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From San Salvador: Obama and Funes Map out Security, Growth Initiatives

President Barack Obama shakes hands with Salvadorian President Mauricio Funes at the Casa Presidential in San Salvador, El Salvador. (AP Photo)

March 22, 2011

Salvadoran president Mauricio Funes opened a joint press conference with his U.S. counterpart by reflecting on the prior stops—Chile and Brazil—in Barack Obama’s five-day tour. Funes explained how the two countries served as points of inspiration for his own, recognizing Chile for its transition from “dictatorship and polarization” to democracy and Brazil for for its achievements in fighting poverty. Obama praised Funes for his “wise leadership” and for his “courageous work to overcome old divisions in Salvadoran society.” Funes’ 2009 victory marked the end of two decades under the leadership of the Nationalist Republican Alliance.

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Obama also made a stop at the grave of Archbishop Oscar Romero, killed in 1980 by a sniper early in El Salvador’s civil war. The murder was thought to have been carried out by death squads who worked with the right-wing government aligned with the United States and in opposition to the guerillas of the Farabundo Martí Liberation Front (FMLN)—now Funes’ political party. Although Obama included the noteworthy stop in his trip, he cut a March 23 tour of Mayan ruins out of his agenda to return to Washington early due to events unfolding in Libya.

During the press conference, foreign journalists focused their questions on the allied strikes on Libya that began during the initial day of Obama’s first trip to South and Central America. But Salvadoran press instead focused on the accords discussed by the two presidents, particularly regarding the $200 million worth of U.S. support to boost public safety through the Central American Citizen Security Partnership (CARSI), which will include El Salvador as a recipient. The countries of Central America plan to unveil a regional approach to combating crime this spring. Obama and Funes stressed that CARSI funds will be used to fund “prevention” policies focused on social inclusion and civil society.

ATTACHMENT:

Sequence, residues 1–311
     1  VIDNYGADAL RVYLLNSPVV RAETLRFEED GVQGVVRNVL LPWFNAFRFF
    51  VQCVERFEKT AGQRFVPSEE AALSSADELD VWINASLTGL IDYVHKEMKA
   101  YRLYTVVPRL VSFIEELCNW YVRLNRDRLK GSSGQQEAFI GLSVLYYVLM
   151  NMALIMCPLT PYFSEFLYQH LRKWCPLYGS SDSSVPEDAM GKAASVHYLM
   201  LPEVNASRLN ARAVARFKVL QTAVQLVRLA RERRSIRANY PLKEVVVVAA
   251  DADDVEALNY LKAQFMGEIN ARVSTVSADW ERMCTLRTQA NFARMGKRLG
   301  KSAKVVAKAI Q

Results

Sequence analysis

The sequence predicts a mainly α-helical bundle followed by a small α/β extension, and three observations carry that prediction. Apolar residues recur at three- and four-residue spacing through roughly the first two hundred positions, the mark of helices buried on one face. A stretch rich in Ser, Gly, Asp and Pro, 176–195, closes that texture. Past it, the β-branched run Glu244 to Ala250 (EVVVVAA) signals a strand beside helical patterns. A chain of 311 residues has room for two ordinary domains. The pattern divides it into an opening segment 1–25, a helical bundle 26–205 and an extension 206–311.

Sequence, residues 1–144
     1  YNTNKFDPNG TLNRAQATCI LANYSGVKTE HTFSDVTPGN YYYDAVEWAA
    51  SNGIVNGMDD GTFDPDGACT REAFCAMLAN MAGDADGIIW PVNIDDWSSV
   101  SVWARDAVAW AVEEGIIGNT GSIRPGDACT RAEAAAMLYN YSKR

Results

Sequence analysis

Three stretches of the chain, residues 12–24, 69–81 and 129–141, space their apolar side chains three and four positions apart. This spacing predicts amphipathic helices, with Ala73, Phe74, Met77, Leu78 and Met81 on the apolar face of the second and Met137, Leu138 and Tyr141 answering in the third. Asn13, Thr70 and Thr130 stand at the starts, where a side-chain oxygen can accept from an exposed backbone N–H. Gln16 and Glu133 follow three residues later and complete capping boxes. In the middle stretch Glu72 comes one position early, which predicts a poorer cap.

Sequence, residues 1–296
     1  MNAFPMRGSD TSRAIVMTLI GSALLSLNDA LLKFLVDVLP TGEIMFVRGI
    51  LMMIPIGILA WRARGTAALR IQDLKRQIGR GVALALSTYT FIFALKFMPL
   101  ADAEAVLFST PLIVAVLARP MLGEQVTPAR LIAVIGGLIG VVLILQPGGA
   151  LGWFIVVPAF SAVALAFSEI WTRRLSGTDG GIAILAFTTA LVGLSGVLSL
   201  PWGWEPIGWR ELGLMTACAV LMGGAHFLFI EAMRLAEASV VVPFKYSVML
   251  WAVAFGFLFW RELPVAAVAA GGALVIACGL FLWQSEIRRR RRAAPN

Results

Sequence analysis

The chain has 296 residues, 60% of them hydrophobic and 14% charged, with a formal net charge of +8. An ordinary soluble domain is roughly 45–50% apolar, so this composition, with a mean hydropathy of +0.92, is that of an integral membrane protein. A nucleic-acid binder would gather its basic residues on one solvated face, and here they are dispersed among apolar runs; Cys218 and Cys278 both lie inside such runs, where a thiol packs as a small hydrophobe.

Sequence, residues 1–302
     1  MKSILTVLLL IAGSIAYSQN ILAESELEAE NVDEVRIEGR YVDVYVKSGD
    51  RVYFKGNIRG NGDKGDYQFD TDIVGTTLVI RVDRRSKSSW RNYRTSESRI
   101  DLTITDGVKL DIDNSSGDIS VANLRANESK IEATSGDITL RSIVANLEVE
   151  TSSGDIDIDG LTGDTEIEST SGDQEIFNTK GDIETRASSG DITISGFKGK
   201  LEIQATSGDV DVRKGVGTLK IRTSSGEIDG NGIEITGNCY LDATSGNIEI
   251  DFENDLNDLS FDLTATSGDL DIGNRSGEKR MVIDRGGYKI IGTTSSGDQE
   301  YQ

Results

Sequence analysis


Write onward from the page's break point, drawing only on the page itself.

With some two million Salvadorans—more than a quarter of the country’s population—living in the United States, the presidents also covered immigration reform. “Migration is a painful expression of a world that has not been able to establish accessible parameters of justice and inclusion,” said Funes in his remarks. Obama voiced his commitment to comprehensive immigration reform but painted it as a difficult issue to gain support for in Congress. Both leaders talked about the need to create opportunities for people to stay in El Salvador—without turning to crime for easy cash. To that end, Obama referred to an initiative called “Partnership for Growth” to help El Salvador attract private investment and boost its economy. Obama and Funes also described the Building Remittance Investment for Development Growth and Entrepreneurship (BRIDGE) Initiative, which would boost the country’s economy through funds send home by immigrants. “[I]nstitutional reforms may end up being more important—or, at least, they have to go hand in hand, because what a country like El Salvador does not want is perpetually to be looking to the outside for its own development,” said Obama. “Ultimately it wants to be able to find growth and tap into its own potential here inside the country.”

Joint statements, remarks, and agreements: